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Me, Antman Fleabag

4.09  ·  Rating details ·  33 ratings  ·  8 reviews
Hilarious, quirky characters and wicked black humor abound in this fictional account of contemporary rural Australia. An aboriginal woman, her partner, Antman, and their dog, Fleabag, take off on a spirited road trip across Australia, encountering eccentric aunts, six-fingered redheads, and martyrs to the cause of sheep well-being, enjoying along the way all the good thing ...more
Paperback, 130 pages
Published September 1st 2008 by University of Queensland Press
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Average rating 4.09  · 
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I really enjoyed this book - the vignettes were, by turns, hilarious, heart-breaking and poignant.
It made me look at the my own world differently - I recognised all the Aussie cultural landmarks/touchstone/points-of-reference but it was just such a different perspective, that it was just unreal. The characters voices were authentic and real. I'm glad that I read this book! Aussie Indigenous authors have so much to say and the rest of us need to listen!
Jennifer (JC-S)
‘Me, Antman and our mongrel, Fleabag, like partyin outside.’

In twenty-two thought-provoking vignettes, Ms Kennedy introduces us to the world of an Aboriginal woman (our narrator, whose name we never discover), her partner Antman and their dog Fleabag. These vignettes are full of quirky characters, of black humour and of reminders that Aboriginal Australia still often remains quite separate from the Australia that many of us occupy.

Our narrator, Antman, and Fleabag travel across Australia. They m
A book of short stories, in this case vignettes, always have a mixture of quality and depth. In this set of shorts there are many highlights.
The narrator is an Aboriginal woman (never named), her partner Antman and their dog Fleabag. She talks about the people they meet, life in rural Australia, racism and misunderstandings. "Grandfather's Medals" was sad and unfortunately representative of how Aboriginal servicemen were treated after WWII. "Whitefella Dreamin'" was a classic of how whites are
Jenny Schwartz
Jan 18, 2012 rated it it was amazing
Shelves: aww2012
This is such an easy review to write. I loved the collection of short stories that is Me, Antman and Fleabag. Gayle Kennedy captures the language and story telling style of the people she writes about. The stories are wry, joyous, heartfelt, sometimes painfully real. The characters wandered off the page, pulled out a chair and sat down at my kitchen table. They asked for a cuppa, milk with two sugars, ta love, and stirred vigorously.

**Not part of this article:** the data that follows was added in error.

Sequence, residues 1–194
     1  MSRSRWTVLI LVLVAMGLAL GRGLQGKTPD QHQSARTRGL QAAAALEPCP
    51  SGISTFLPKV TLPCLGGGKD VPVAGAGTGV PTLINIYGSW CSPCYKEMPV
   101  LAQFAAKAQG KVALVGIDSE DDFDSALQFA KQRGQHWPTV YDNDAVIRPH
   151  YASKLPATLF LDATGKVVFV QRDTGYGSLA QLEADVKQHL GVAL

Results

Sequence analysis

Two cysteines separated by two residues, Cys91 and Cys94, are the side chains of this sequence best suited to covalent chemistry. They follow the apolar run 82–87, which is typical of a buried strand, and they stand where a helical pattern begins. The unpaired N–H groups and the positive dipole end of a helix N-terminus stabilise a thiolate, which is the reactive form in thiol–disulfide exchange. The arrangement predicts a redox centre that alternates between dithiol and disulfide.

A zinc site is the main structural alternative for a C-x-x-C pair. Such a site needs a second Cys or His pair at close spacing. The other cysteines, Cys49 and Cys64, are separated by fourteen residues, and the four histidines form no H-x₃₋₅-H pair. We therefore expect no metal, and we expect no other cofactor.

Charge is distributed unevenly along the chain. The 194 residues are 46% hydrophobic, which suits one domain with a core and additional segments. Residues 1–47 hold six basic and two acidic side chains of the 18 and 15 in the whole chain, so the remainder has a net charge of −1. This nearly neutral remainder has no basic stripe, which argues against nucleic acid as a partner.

I defy anyone to read the first story, “How ta drink in the par
Oct 07, 2013 rated it it was amazing
This book is hilarious! I laughed until I cried, and then, while I was all unsupecting, Kennedy would sneak in something serious, and make an anguished lump rise in my throat.

If I had lots of money I would buy copies of this for everyone I know (especially the ones who don't share my taste in "children's fairy stories," "feminist end-of-the-world rubbish" or "sick, weird stuff". You know who you are.)
May 14, 2017 rated it liked it
A nice collection of short stories or snippets (some only one page long, some longer), showcasing different elements of aboriginal life in rural Australia, through the stories and experiences of the main character narrator, her partner and their dog. Some humorous, some moving, all easy to read and an enjoyable light book to dip in and out of for a few days! :-)
Reading this book was like listening to a yarn in the pub. Full of laughs, tears and left you thinking about how crazy the world can be sometimes> In the end it is your friends and family and country that makes sense and keeps you going. Short, honest (with a bit of swearing thrown in) and sweet.
Fatema Johera Ahmed
Apr 23, 2016 rated it it was amazing
The episodic adventures of the characters bring to life the way yarns are spun as anecdotes that recalls and relives the vicissitudes of marginality. The black fella lingo is instrumentally used in its creation of an other body of knowledge.
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